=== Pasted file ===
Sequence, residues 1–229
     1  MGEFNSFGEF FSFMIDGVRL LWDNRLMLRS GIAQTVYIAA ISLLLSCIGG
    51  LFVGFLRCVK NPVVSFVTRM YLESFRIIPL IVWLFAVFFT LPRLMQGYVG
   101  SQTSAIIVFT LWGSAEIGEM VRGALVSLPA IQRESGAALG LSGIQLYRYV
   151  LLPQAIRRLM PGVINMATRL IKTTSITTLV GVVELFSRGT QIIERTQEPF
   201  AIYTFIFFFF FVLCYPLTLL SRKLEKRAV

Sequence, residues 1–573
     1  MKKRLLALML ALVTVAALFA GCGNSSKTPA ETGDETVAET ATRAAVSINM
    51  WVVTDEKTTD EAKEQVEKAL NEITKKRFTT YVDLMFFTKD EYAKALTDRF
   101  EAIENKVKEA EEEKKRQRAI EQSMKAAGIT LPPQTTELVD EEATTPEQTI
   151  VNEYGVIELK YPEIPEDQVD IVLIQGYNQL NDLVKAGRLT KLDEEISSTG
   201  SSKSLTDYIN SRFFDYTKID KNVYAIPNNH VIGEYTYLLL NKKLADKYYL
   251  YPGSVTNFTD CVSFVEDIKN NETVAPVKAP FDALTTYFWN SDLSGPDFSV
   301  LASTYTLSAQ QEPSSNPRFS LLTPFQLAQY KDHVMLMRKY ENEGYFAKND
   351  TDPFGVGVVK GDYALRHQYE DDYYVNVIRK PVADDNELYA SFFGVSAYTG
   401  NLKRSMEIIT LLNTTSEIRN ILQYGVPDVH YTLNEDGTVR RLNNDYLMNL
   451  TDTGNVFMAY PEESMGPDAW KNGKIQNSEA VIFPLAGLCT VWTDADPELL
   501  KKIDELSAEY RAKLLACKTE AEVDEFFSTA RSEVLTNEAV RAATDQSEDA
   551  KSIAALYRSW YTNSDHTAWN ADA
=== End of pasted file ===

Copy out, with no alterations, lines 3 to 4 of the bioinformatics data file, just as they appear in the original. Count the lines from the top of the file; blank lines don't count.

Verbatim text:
    51  LFVGFLRCVK NPVVSFVTRM YLESFRIIPL IVWLFAVFFT LPRLMQGYVG
   101  SQTSAIIVFT LWGSAEIGEM VRGALVSLPA IQRESGAALG LSGIQLYRYV